What Happens to Your Structured Settlement When You Die?

What happens to your structured settlement when you die?

Planning for death is tough, especially when it comes to your personal finances. Discussions of who inherits what are tricky to navigate, and a lot of people will avoid having these difficult conversations altogether just to keep the peace.

 

But if you hold a structured settlement or annuity payment stream in your name, it’s in your loved ones' best interest for you to start thinking now about what will happen to your payments after you pass. When you address the issue head-on, you’re helping to protect their financial future.

Family across generations

Can your structured settlement payments be inherited?

 

If your settlement delineates a guaranteed minimum number of payments and you pass away before that minimum has been met, then your named beneficiary will receive the remainder of that guaranteed minimum.

 

If your structured settlement contains a commutation rider, then your named beneficiary will receive a discounted lump sum payment upon your death instead of a stream of payments over time.

 

Some structured settlements are life-contingent, meaning that your payments will only be disbursed while you are still alive. Because these payments will cease upon your death, they cannot be inherited by a beneficiary.

 

Who can inherit my payments?

 

When you’re deciding who will inherit your structured settlement funds after you die, you have a few options.

 

  • Primary beneficiary – This is the first person in line to inherit your settlement payments when you pass. You can have multiple primary beneficiaries, called co-beneficiaries, among whom you may divide the payments either equally or by percentage.
  • Secondary beneficiary – Also known as a contingent beneficiary, this is the person (or people) second in line to receive your settlement funds when you die. If the primary beneficiary dies before you do, the contingent beneficiaries will receive the payments.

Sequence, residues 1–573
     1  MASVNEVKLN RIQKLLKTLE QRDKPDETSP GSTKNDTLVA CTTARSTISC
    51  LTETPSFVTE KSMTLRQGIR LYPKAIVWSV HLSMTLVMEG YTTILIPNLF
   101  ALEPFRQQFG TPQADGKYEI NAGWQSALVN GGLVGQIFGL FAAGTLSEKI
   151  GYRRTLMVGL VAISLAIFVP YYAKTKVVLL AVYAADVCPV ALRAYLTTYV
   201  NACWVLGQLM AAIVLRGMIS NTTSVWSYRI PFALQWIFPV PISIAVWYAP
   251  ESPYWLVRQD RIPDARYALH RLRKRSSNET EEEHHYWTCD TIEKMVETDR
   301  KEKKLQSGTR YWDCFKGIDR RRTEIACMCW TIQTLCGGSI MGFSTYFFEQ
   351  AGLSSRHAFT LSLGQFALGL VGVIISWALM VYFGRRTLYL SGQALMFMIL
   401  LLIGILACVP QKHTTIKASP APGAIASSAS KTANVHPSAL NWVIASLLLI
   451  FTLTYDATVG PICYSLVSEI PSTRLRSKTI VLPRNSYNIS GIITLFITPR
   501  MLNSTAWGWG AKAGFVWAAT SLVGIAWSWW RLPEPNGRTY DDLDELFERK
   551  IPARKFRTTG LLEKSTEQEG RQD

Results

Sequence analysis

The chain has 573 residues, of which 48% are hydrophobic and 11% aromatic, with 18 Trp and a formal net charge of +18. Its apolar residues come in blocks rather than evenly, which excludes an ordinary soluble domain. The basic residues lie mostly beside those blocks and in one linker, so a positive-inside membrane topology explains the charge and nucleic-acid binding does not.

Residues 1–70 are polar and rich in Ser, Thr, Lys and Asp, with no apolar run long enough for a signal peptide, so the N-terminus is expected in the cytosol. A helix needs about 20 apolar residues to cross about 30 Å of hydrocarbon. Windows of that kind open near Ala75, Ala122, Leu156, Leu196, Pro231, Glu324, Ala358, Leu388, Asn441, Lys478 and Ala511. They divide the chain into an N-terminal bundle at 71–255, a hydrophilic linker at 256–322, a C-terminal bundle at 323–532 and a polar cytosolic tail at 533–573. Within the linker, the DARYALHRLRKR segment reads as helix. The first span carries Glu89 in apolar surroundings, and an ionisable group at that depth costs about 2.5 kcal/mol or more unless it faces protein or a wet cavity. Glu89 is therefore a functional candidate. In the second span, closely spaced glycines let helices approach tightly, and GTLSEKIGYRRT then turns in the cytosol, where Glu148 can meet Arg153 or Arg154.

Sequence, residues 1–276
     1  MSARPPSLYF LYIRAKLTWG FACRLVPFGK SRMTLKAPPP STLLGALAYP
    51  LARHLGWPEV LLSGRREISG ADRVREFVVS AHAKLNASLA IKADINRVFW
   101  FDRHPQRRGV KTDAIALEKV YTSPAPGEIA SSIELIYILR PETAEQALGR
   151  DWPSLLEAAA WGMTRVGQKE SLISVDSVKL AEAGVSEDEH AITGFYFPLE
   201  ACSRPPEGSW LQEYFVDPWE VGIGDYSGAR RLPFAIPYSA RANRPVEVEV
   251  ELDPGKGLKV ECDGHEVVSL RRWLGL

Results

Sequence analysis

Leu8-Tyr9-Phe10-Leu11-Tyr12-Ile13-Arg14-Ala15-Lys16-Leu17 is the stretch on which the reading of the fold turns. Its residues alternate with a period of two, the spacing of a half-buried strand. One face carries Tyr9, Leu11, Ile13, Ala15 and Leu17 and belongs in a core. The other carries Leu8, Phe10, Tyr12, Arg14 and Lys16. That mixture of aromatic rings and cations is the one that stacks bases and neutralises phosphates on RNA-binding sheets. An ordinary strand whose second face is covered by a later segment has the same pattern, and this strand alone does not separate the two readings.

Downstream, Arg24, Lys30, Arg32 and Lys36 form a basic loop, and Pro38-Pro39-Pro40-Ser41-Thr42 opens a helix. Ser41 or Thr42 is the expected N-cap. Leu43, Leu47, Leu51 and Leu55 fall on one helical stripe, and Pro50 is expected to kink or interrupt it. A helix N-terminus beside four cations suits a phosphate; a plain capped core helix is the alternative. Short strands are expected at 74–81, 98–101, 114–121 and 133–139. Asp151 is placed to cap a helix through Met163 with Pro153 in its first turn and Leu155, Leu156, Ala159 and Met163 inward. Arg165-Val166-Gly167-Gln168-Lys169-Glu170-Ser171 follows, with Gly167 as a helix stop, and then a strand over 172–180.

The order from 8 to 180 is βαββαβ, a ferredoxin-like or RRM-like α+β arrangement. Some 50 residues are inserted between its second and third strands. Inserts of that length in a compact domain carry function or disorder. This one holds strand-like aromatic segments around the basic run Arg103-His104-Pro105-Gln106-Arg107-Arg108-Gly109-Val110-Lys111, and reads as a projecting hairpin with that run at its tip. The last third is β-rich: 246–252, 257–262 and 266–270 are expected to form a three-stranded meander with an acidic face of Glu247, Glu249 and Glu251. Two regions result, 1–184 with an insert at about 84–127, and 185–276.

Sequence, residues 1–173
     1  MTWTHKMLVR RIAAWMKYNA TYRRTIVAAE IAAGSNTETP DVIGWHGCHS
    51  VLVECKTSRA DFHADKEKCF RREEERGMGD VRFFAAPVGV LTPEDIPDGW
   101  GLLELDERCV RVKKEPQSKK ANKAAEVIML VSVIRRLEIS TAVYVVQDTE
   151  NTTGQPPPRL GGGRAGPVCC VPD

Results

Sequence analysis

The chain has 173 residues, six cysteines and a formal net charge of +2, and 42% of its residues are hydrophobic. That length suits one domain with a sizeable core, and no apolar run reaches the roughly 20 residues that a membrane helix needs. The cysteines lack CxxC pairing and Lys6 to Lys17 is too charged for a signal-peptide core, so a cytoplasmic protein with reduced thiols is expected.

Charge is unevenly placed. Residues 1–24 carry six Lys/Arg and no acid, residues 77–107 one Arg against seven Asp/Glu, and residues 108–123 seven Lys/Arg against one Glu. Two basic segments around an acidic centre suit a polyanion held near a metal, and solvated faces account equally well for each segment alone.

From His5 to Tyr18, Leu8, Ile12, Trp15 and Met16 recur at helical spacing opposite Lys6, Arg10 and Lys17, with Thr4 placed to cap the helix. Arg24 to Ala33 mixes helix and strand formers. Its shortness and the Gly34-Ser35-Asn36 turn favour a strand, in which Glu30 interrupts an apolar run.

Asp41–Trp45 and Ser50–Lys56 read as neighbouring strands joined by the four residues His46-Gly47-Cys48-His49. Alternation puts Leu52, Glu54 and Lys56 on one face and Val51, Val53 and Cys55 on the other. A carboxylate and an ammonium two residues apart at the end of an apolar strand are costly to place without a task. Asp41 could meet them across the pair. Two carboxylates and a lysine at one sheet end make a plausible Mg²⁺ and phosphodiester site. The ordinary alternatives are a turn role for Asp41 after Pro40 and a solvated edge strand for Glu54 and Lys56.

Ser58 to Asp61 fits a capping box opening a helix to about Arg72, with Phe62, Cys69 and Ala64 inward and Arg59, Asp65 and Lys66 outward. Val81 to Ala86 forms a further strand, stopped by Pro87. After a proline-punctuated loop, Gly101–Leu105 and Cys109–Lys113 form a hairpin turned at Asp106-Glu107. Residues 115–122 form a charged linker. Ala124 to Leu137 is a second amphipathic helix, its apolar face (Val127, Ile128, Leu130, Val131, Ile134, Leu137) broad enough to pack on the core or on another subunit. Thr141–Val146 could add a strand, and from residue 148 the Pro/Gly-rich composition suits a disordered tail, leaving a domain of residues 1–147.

• Trusts – You can choose to name a trust as a primary beneficiary. In this case, you will create pre-defined rules for your trust, and the trustee will disburse payments based on those rules. Trust payments count as taxable income to the recipients.
  • Donations – You may wish to leave your remaining payments to a non-profit organization that accepts donations by naming them as a beneficiary.

You can name and/or change your beneficiary or beneficiaries at any time by contacting the insurance company that disburses your payments. In fact, many people choose to revisit who their beneficiaries are regularly, accounting for major life events like marriages, births, deaths, and so on.

 

What if I don't have a beneficiary?

 

If you do not name any beneficiaries to inherit your structured settlement payments, then your payments will be made to your estate. If one of your loved ones wishes to claim those payments after your death, the remaining value of the structured settlement must go through estate probate, meaning that any fees or charges on your estate could come out of the remaining settlement amount.

 

Because the probate process can be costly and complex, many people prefer simply naming a beneficiary by contacting the insurance company disbursing their payments. This is an effective way for you to clearly delineate who will receive your payments when you pass, which can help your loved ones avoid confusion and conflict.